Highlights from #NAFSA14 Annual Conference – Part 1

Raghuram Sukumar Edu News 1 Comment

“Two Thumbs Way Over My Head”.

That’s how I would describe my NAFSA 2014 Annual Conference in San Diego experience in short.  I just got back from NAFSA Annual Conference in San Diego. I can sum-up the whole experience using the following words

  • Enriching
  • Eye-Opening
  • Informative
  • Breathtaking
  • Entertaining

At end of week-long conference, I was sleep deprived and functioned mostly on pure adrenaline,  lots of caffeine and finger food.

NAFSA14 convention center

Here’s the links to blog posts for Live Blogging.

  1. #NAFSA14 – Day 1 – Sunday
  2. #NAFSA14 – Day 2 – Monday
  3. #NAFSA14 – Day 3 – Tuesday
  4. #NAFSA14 – Day 4 – Wednesday
  5. #NAFSA14 – Day 5 and 6 – Thursday, Friday

I made a lot of new friends, plus I believe that this experience will give Happy Schools Blog more authority and stand-out from other bloggers in this space.

I might be the only Higher Education Blogger who was attended the conference along with journalist and other media personalities covering the event.

Speaking of Media, I finally meet “The One and Only” Karen Fisher from Chronicle of Higher Education.  Plus Amy Baker, Sara, Jessica from The Pie News.

Lessons Learned from NAFSA

I met people who were following the blog, recognized me in the Expo Hall in NAFSA and took picture with me. I felt like a celebrity 🙂

Plus, I met people who never heard about my work to those who were are following the blog in Twitter.

I had really interesting conversations about :

  • Higher education and Study Abroad
  • Recruiting students
  • Impact of higher education in people’s lives
  • Problems and challenges faced by universities while recruiting students from India and other countries,
  • Their limitations in addressing those challenges
  • School’s recruiting process

I meet with educators from different background and handling various aspects of college admissions.

International Student services officers (DSO), Admission directors, Admission Counselors and representatives from companies like IELTS, ETS, College Week Live, Education New Zealand, iSEP, USC, UTA, UTT and several consultant from India.

I was able to identify some pain points of universities recruiting international students using social medial.

As a blogger, I’m looking for problems to solve for my readers and potential and current partners.

While I was walking in the conference hall,  I saw this person giving interviews to local TV news. Then I realized it was Meb Keflezighi. He won Boston Marathon in April, 2014.

meb keflezighi boston marathon

Thoughts on Expo Hall and Exhibitors

I’ve been here in the US for a while now, and if you walk into a restaurant or a shop, typically, you are welcomed.

People greet you and welcome you with good smile and eye contact. That was largely the case in Expo Hall, but there were few not-so-good experiences in few booth’s.

Companies spent lot of money to exhibit in the expo hall. NAFSA is an expensive conference. Costs include registration, travel, preparing marketing materials, shipping marketing materials, hotel stay, etc.

So when they’re spending so much money, they need to make sure that they are putting all their best efforts to build relationship and spread the word about their products and services or programs.

NAFSA San Diego Convention Center

I had experiences where people were just hanging out just for the sake of being there, couldn’t care to smile when you walk into their booth, wasn’t even interested in sharing why they are here.  I was thinking, “Why do you have to spend so much money, time, and effort coming to NAFSA when you seem to be least interested in visitors coming to your booth?”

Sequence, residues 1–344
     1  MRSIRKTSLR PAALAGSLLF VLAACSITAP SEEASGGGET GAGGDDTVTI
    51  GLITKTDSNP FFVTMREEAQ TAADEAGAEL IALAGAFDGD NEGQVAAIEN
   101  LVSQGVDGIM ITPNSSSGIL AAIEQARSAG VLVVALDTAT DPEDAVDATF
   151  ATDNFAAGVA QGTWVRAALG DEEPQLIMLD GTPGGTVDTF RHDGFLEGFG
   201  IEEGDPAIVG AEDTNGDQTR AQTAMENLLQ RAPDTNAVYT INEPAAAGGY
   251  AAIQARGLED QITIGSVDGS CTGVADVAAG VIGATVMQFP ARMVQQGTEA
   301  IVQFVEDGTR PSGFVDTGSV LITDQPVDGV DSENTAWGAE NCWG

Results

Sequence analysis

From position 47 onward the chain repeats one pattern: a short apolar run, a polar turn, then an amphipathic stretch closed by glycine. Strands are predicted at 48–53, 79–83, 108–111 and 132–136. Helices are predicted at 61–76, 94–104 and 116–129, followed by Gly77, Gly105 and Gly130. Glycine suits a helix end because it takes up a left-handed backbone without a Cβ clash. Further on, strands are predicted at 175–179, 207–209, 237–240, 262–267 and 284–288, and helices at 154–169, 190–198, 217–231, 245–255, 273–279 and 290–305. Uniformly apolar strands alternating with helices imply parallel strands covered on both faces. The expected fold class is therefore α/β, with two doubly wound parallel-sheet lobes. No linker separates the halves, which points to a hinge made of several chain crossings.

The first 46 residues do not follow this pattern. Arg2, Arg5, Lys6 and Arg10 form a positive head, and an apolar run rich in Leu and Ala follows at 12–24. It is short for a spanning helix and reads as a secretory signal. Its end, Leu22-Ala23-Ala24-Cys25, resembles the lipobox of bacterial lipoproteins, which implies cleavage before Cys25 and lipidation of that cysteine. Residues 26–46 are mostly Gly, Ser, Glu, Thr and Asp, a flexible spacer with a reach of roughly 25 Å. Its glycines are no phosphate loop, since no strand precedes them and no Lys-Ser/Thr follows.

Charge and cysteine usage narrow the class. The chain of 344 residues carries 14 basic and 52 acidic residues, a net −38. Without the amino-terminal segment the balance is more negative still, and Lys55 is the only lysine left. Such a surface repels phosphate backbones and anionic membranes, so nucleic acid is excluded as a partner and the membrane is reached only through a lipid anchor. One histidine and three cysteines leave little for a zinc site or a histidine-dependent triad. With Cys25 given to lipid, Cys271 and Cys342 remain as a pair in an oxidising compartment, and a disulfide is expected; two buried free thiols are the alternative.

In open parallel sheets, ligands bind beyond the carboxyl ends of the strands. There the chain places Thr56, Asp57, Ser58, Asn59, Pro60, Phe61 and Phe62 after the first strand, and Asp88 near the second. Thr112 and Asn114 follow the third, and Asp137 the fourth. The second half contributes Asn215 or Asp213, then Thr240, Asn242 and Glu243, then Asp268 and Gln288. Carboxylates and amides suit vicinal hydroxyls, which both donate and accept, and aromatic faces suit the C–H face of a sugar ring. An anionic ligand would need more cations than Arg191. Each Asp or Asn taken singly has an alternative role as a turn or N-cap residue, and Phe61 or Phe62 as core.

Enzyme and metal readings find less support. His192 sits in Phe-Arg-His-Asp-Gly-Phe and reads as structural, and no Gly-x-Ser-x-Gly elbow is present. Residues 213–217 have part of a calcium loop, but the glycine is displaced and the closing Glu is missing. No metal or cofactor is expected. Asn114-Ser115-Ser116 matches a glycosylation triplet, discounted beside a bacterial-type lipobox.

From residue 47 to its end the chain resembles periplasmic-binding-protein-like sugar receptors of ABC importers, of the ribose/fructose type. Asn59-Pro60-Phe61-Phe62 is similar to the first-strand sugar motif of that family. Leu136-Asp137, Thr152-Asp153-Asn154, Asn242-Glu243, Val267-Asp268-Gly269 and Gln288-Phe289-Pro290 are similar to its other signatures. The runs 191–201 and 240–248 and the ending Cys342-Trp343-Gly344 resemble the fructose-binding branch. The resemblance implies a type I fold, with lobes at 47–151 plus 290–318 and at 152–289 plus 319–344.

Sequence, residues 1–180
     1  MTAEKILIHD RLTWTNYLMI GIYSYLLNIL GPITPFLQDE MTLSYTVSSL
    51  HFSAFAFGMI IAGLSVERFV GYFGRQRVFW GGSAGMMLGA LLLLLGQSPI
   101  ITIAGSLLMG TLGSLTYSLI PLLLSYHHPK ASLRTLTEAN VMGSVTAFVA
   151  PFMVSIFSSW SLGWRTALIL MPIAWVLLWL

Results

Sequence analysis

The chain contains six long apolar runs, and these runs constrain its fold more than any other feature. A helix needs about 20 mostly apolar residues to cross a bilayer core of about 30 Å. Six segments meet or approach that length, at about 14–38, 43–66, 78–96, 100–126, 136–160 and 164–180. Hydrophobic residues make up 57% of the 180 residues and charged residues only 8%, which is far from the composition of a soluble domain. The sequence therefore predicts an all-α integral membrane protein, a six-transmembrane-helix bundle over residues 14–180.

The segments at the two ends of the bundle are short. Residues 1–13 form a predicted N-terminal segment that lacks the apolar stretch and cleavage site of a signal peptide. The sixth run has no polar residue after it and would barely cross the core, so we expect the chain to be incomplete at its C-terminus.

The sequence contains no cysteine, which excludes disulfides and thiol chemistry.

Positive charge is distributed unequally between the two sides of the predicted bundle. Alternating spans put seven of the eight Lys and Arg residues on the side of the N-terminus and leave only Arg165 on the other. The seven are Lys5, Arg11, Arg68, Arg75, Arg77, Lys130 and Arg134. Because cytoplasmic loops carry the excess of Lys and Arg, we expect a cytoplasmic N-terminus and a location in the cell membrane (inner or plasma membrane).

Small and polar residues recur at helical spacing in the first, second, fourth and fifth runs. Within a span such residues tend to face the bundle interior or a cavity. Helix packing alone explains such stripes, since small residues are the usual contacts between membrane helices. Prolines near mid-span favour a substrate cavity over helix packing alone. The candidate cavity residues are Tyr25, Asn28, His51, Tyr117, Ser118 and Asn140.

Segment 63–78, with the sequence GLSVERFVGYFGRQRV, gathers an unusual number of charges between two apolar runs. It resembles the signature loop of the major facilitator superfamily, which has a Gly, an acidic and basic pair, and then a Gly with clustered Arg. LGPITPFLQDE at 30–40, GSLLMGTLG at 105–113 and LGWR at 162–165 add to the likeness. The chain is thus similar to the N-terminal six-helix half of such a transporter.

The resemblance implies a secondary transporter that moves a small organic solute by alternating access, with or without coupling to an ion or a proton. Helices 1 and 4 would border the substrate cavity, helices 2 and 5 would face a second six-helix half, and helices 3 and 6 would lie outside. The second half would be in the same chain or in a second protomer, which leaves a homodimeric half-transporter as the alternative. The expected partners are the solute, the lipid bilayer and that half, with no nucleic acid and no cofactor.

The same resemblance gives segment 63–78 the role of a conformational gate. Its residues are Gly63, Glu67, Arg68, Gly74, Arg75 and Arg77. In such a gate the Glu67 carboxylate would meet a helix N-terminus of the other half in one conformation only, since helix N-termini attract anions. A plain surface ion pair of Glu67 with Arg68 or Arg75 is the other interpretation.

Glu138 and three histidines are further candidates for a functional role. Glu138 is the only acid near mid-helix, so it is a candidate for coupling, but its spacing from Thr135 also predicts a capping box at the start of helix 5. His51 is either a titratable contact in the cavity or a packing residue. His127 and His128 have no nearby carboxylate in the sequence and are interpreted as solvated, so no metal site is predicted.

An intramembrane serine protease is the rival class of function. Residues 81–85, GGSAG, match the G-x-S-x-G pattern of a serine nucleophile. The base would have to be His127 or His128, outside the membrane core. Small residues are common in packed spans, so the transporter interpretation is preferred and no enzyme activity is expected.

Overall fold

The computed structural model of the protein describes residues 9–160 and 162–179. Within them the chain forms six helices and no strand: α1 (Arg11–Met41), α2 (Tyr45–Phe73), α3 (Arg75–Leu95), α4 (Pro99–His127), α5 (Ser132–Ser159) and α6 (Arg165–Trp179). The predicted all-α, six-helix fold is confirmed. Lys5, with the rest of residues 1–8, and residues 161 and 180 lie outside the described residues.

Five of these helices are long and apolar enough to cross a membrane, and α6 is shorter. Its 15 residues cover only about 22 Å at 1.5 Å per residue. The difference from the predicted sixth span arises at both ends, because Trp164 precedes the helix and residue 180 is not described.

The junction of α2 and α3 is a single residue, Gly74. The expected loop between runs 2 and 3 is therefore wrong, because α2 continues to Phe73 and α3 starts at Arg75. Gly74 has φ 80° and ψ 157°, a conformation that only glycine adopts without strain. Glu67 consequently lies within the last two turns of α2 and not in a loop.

But on the other hand, I saw companies like GoAbroad, Education New Zealand, IELTS, Insurance Firms, Shipping and Logistic, etc were so much enthusiastic about their company they are representing. Their booth was lively. They welcomed you with a sense of pride in the job that they do, and it reflected in when they spoke about their services. So that’s two different ends of the spectrum about customer service.

But overall, I would sum-up my experience as this

  • 98.5% – Positive Experience
  • 1.5% –  Negative Experience

I’m Not an Agent

For instance, I walked to a partnership fair. As soon as I walked in there, they kind of looked at, “Hey. He is from India and he should be a recruiting agent.”

And the first response was, “Oh. No, we don’t work with agents.”

I was like, “An Indian guy in NAFSA is not an agent. I’m a blogger. I do not promote agents”.

Folks reading this blog are well aware that I’m against using agents for recruiting for host of reasons.

Negative experience of 1.5% is due to the profiling of Indian to be an agent. I had to explain to them that, “No. I’m not an agent. I’m an author, entrepreneur and blogger.”


Student Recruiters are Not Business Majors

Another reason is that educators  involved in recruiting are not typically the people with business degree or the people who have sales and marketing experience.

They’re higher educators. They have background in higher education.

Recruiting students is basically sales and marketing. I have attended sales presentation from top-notch online marketers presentation and speech.

At end of the presentation, they will make you feel guilty of not buying their product. That comes from deep understanding of target audience.

Recruiters in the field of higher education can learn sales, marketing and little bit of social psychology skills.  That should be really helpful when recruiting students.

PS : This is Part 1 of Multi-Part NAFSA Experience.

Do you like to know anything specific about my trip?


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